Their work has been iterative. Teachers and students have been testing ideas and over time a coherent vision has emerged: The Transforming the Learning Experience document, which I hope at some point people outside the board have a chance to see, because it is wonderful.
What struck me were the questions they asked themselves as they worked their way through the design process. Questions like:
If this is the kind of student we wish to produce, who do our teachers have to become?
If this is what teachers need to do to facilitate the emergence of this kind of student, what should our leadership be doing?
It has been grassroots, pedagogy first and designing with the end in mind. Technology is embedded where it fits with the larger transformative purpose. It is not the driver.
The Transforming the Learning Experience document has now reached a coherent form and the Think Tank was designed to celebrate and get feedback. Eugénie asked her team, “If you could invite anyone in the world to give us feedback, who would you want to be here?” A list was generated, invitations sent and to their surprise 15 people, on short notice, accepted. When I first saw how many people were on the panel, I thought it couldn’t possibly work. But it did. Each person made a thoughtful contribution and what the organizers gained was idea diversity. Many significant ideas were presented for further exploration and thought.
Ones that stuck with me included:
“decisional capital”. How do build capacity for our communities to make good decisions? Michael Fullan
“Do we have the courage and conviction to give agency to kids for their own learning?” – Will Richardson
“Whatever level you are working at you want the level above to like what you are doing but not run what you are doing.” – M. Fullan quoting someone else – I forget who.
“When we talk of engagement, we’re not talking about enjoyment. It’s about intellectual engagement.” That work is hard. (attribution needed)
A reference was made to Vivian Robinson’s research: school leaders as learners for the biggest impact.
Lateral leadership – the research is showing that lateral connections – boards learning from boards, teachers learning from teachers, systems learning from systems … that co-construction of knowledge about learning … is powerful.
I had the pleasure of sitting beside Lucy West and look forward to longer conversations as we have much in common. Lucy challenged all of us to use our imaginations and imagine wildly. Think beyond tweaks to our schools and systems.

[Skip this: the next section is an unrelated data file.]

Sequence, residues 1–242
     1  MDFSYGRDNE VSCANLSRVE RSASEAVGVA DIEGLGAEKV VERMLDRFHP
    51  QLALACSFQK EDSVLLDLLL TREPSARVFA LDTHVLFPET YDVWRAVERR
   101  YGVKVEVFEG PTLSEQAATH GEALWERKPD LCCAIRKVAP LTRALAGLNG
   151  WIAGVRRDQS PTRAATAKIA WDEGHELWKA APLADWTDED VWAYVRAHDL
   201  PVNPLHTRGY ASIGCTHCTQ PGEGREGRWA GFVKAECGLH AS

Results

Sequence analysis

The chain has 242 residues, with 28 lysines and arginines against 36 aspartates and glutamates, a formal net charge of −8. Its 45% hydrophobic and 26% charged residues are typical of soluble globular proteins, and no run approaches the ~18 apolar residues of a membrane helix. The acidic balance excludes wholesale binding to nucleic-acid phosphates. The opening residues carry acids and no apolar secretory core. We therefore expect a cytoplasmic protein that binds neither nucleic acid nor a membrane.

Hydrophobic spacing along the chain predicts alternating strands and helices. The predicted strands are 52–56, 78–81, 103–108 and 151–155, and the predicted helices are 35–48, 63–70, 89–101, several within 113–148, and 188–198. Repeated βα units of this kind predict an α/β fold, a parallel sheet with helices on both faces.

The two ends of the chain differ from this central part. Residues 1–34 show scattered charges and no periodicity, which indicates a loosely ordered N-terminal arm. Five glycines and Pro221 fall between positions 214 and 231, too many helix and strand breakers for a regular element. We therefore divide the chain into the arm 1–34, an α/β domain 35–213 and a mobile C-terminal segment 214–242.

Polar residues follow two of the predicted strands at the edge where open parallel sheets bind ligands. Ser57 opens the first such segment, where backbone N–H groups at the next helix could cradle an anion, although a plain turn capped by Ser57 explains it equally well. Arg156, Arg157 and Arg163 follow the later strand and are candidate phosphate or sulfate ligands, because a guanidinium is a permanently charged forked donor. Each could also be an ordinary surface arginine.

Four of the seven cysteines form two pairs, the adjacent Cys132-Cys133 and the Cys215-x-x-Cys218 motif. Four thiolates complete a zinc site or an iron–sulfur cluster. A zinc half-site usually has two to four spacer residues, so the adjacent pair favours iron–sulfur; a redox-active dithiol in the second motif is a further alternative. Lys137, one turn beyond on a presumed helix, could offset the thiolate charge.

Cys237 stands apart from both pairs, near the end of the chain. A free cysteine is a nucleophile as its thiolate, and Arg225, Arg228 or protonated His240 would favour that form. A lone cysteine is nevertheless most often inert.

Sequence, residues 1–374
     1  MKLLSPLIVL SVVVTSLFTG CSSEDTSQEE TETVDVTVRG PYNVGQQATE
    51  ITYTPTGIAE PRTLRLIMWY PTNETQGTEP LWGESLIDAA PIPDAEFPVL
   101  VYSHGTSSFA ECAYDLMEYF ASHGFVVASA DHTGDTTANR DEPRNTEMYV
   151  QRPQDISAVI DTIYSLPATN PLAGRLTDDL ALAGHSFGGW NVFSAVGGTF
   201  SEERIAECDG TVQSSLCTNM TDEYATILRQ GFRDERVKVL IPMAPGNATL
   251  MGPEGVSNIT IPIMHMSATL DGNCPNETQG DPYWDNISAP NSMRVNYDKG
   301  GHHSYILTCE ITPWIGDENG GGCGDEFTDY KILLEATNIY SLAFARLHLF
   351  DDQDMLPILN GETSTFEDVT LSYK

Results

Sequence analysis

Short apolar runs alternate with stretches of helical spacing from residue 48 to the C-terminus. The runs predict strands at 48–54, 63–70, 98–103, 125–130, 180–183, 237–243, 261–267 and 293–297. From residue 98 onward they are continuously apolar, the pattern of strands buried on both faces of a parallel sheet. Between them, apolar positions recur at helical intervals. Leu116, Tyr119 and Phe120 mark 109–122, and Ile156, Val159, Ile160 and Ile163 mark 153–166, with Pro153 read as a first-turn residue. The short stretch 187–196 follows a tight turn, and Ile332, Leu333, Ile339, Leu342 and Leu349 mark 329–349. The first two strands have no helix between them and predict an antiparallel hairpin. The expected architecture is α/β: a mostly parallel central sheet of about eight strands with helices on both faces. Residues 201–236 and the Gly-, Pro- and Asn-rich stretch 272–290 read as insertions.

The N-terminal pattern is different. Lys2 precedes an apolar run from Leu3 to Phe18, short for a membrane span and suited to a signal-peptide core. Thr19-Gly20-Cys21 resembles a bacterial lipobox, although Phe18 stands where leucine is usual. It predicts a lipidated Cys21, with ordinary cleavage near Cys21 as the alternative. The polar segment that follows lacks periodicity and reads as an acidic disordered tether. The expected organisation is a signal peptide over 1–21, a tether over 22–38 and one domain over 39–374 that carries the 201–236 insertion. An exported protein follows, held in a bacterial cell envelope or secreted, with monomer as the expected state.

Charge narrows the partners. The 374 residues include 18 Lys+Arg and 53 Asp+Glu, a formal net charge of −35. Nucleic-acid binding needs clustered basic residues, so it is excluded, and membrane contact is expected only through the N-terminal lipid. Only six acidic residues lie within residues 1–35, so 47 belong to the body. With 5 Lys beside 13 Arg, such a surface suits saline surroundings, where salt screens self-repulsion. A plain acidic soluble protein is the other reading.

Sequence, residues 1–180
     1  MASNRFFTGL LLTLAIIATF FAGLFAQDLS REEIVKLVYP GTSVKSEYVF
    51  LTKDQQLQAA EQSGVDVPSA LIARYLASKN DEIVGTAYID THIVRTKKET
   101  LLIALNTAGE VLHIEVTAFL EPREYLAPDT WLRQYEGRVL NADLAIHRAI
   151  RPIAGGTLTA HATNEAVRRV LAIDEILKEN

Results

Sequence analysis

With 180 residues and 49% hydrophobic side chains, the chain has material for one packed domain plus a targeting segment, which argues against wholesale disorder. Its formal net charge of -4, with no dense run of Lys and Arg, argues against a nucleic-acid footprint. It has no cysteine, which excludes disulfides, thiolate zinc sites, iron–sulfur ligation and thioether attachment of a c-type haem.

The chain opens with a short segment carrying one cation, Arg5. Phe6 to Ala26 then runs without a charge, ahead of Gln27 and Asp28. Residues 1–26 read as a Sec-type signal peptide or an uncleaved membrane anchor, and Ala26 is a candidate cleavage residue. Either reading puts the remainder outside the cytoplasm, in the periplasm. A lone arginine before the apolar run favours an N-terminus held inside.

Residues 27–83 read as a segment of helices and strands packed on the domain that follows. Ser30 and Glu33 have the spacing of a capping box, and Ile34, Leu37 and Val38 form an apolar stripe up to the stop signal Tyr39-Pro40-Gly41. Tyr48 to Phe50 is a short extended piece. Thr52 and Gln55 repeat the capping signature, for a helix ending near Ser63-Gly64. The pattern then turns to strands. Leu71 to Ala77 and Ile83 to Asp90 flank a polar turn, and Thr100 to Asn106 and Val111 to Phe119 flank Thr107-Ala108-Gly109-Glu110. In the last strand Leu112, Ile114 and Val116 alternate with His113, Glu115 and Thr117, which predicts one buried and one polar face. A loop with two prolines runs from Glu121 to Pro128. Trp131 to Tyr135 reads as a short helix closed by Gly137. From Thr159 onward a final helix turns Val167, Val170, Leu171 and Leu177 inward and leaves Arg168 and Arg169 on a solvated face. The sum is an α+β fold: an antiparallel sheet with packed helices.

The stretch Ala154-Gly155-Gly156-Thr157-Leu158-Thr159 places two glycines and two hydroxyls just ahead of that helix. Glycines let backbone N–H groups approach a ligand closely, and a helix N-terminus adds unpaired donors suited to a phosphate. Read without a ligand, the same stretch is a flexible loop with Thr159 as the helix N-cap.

After the panel, we moved to tables for deeper conversations. Each table had one idea harvester who asked questions and recorded discussions and feedback. The CECCE team will take this information and re-examine their document.
The morning ended with a lunch and the opportunity for less formal conversations. I took time at that point to briefly explore the facility. The Think Tank was held in The Canadian Museum of Nature, a well-crafted blend of historic and modern architecture. Let’s hear it for investment in public goods! I look forward to spending more time in it the next time I am in Ottawa.
Thank you, my wonderful French colleagues, for inviting me to the Think Tank. It was an enriching experience. I am thrilled that a silo has been broken and look forward to building deeper connections. See you on twitter!
The focus of the entire year in my class is how to be a better thinker, collaborator and problem-solver. Students learn to use thinking tools and then constantly reflect on how their thinking abilities have improved. At the moment we are immersed in inquiry. Students are Continue ReadingRead More »
Bring IT Together has come and gone. I presented a half-day workshop on Wednesday and the closing keynote on Friday. What a fantastic experience! There were over 120 people at the workshop and for a Friday afternoon I was pleased with the attendance. Huge shout out to my PLN! You were so encouraging and it was so appreciated.
A few thank yous are needed (and further down are many links) Continue ReadingRead More »
This week we spent time considering ideas, and how to think about them.
I had circulated through the class asking, “What have you always wondered about?” and recorded their thoughts. These thoughts became the resource for our work in thinking. It is a hard thing to have one’s thought put on display before the class, so the first thing we did for this activity was detach ourselves emotionally from our ideas. The questions and wonderings now belong to the class to consider using system 2 thinking.
Part 1 Continue ReadingRead More »
It is only a few weeks until Bring IT Together, Ontario’s education technology conference.
I am thrilled to be presenting an introductory workshop on Integrative Thinking on November 4th and even more thrilled to be providing the closing keynote on November 6th. I think it’s very important that front line workers, those testing out new models of learning directly with children, have the opportunity to share our Continue ReadingRead More »